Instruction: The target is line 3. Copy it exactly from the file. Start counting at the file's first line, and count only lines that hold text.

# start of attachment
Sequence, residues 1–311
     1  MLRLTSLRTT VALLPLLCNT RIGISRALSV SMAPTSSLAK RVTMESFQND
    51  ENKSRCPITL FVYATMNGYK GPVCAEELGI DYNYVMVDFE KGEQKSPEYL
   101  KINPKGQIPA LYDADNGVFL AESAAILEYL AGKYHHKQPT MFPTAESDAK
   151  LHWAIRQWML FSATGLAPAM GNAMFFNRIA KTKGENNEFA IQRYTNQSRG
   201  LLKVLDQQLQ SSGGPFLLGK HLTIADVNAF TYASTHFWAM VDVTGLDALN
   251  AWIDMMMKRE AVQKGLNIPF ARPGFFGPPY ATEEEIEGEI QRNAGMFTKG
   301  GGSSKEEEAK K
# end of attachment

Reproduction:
    51  ENKSRCPITL FVYATMNGYK GPVCAEELGI DYNYVMVDFE KGEQKSPEYL